There are challenges in measuring non-cognitive factors but they are not insurmountable


Non-cognitive factors is a catch-all term for factors such as motivation, grit, self-regulation, social skills, emotional intelligence – in short, mental constructs that we think contribute to student success, and which are attractive to employers. Yes you need literacy, numeracy ICT, and other cognitive skills too,  which are tested. But a rounded education amounts to much more than a grasp of cognitive skills, a  fact that escapes rather too many politicians, if not employers and admissions tutors.

Looking at, and acknowledging the importance of, non-cognitive factors in education  and in everyday school life is the new zeitgeist .There is plenty of data to show that researchers are on to something quite  important here.   But Professor Dan Willingham  poses on his blog  a pretty fundamental question about non-cognitive factors – is there  anything here   that educators are likely to be able to use in the next few years? Or are we going to be defeated by the measurement problem ? The short answer to this is that there are challenges and problems but they are probably not insurmountable. According to Willingham ‘the measurement problem in non-cognitive factors shouldn’t be overstated’.

There is for example a shared core construct on self-regulated learning* (Sitzman & Ely, 2011), Their review examines the current state of research on ‘self-regulated learning’ and gaps in the field’s understanding of how adults regulate their learning of work-related knowledge and skills. Goal level, persistence, effort, and self-efficacy were the self-regulation constructs with the strongest effects on learning. Together these constructs accounted for 17% of the variance in learning, after controlling for cognitive ability and pretraining knowledge. And Angela Duckworth (Duckworth & Quinn, 2009) has made headway in developing a standard measure of grit. The Grit Scale   measures trait-level perseverance and passion for long-term goals. (so  ‘grit’ is distinguished from self-control by its emphasis on the pursuit of a long-term goal). Duckworth, as a doctoral student, sought some way to make sense of the qualities that go beyond IQ: “People who accomplished great things, she noticed, often combined a passion for a single mission with an unswerving dedication to achieve that mission, whatever the obstacles and however long it might take.” She named this quality “grit” and then  came up with this quite straightforward  Grit Scale for measuring it. It’s deceptively simple, only takes a few minutes to fill out, (see links below) and relies on the usually notoriously unreliable method of self-reporting. But when she tested it, she found that it was powerfully predictive of success. She tested it, for example, on college students and found that those who scored high on the Grit Scale had higher Grade Point Averages ,even if they initially had lower college tests. She tested it on West Point cadets too, and it turned out to be the most accurate predictor of who finished the gruelling course.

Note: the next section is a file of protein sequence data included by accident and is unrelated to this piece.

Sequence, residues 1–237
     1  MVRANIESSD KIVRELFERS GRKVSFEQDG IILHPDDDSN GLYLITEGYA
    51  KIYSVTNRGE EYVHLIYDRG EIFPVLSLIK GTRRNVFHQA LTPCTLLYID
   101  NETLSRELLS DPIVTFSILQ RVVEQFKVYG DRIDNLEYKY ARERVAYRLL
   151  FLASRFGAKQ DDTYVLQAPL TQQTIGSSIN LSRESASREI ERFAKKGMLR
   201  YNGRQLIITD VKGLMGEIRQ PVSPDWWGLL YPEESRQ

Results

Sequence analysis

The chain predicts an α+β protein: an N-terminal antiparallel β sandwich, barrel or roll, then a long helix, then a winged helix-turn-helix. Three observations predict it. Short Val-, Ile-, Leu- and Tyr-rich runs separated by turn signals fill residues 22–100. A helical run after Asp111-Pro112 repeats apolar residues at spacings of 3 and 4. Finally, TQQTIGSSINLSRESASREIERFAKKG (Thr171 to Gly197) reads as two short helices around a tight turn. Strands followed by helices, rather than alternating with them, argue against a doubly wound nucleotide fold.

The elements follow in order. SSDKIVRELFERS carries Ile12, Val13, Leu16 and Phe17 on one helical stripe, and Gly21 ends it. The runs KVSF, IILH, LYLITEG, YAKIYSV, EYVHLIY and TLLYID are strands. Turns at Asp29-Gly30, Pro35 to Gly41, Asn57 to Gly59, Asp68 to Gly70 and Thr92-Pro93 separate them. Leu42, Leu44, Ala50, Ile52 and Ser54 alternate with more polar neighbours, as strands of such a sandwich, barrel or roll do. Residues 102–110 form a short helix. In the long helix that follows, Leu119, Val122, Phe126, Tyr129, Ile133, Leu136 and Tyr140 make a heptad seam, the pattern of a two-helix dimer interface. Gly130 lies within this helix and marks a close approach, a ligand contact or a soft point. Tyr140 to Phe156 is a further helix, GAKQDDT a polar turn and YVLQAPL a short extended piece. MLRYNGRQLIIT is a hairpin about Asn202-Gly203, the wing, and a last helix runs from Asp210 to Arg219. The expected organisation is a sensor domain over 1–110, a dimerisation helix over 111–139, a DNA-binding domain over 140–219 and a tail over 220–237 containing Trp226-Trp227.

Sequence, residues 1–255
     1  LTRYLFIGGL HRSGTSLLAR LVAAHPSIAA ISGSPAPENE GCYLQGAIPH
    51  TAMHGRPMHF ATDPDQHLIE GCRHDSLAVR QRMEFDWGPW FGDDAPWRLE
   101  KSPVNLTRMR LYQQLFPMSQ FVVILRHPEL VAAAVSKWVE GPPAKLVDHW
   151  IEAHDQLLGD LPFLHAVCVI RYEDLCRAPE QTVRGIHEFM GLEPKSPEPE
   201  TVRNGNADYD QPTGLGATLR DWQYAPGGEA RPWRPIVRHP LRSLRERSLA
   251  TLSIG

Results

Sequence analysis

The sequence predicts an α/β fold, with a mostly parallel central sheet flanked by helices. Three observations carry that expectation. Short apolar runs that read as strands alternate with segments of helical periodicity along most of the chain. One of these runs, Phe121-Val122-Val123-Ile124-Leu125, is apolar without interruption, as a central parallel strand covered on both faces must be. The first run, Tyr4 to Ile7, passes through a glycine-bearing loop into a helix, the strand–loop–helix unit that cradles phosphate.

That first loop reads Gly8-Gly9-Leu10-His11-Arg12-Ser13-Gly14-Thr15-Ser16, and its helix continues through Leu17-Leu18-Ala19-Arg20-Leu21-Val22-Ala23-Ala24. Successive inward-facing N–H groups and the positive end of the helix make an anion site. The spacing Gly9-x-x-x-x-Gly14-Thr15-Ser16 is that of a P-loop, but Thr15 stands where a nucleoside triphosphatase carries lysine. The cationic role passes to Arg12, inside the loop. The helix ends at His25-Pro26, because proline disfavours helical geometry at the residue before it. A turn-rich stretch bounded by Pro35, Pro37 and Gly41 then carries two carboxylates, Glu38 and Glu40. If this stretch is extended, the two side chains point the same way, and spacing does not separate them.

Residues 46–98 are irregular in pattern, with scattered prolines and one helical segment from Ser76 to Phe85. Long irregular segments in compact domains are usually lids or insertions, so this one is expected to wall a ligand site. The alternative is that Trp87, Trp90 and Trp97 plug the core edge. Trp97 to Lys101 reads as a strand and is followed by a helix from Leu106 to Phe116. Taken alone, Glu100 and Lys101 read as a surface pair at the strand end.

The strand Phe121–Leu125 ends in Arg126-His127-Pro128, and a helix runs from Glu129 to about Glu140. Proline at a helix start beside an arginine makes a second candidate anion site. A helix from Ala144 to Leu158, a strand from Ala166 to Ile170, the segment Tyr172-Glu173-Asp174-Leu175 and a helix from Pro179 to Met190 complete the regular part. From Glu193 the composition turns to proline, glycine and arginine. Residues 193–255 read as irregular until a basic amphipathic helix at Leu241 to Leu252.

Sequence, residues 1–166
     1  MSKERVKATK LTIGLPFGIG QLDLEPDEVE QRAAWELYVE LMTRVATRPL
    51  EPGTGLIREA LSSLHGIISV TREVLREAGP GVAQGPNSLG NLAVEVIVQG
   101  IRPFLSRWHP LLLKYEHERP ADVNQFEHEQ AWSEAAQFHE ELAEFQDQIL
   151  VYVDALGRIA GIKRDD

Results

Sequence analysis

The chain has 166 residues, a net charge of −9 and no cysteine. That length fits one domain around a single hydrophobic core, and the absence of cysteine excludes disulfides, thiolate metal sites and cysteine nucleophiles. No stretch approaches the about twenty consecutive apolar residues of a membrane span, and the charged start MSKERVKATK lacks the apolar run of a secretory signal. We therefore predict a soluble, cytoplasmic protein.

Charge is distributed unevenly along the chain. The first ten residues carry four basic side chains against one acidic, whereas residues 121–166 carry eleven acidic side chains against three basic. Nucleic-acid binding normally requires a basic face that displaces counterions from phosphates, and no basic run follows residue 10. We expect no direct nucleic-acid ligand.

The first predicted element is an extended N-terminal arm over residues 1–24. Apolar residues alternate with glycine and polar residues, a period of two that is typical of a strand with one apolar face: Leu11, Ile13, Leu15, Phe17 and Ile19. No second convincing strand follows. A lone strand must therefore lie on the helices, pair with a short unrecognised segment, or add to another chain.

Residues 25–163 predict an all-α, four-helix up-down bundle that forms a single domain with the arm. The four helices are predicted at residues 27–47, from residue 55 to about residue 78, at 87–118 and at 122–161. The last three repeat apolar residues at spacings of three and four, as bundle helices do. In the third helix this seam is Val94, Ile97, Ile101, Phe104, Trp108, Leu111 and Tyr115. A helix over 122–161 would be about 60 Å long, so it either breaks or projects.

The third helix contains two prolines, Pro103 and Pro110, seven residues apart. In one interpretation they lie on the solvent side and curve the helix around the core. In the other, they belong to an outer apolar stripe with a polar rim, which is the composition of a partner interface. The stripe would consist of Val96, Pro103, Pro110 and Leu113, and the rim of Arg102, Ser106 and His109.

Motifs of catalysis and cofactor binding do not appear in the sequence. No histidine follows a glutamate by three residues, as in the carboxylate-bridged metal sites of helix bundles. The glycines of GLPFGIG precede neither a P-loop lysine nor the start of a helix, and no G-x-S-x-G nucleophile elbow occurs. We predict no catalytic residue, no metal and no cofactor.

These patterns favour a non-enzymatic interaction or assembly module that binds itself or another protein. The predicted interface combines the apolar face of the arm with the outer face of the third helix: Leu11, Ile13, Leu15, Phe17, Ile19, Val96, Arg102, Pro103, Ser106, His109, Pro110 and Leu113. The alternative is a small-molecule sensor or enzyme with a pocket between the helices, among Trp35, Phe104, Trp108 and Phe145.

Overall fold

Self-regulated learning is the process of taking control of and evaluating one’s own learning and behaviour. It can be used to describe learning that is guided by metacognition (thinking about one’s thinking), strategic action (planning, monitoring, and evaluating personal progress against a standard), and crucially motivation to learn.



Dan Willingham’s Science and education blog 22 Jan 2013

Duckworth, A.L, & Quinn, P.D. (2009). Development and validation of the Short Grit Scale (Grit-S).  Journal of Personality Assessment, 91, 166-174.

Duckworth, A.L., Peterson, C., Matthews, M.D., & Kelly, D.R. (2007). Grit: Perseverance and passion for long-term goals. Journal of Personality and Social Psychology, 9, 1087-1101.

Sitzmann, T, & Ely, K. (2011). A meta-analysis of self-regulated learning in work-related training and educational attainment: What we know and where we need to go. Psychological Bulletin, 137,  421-442.

Duckworths Short Grit Scale



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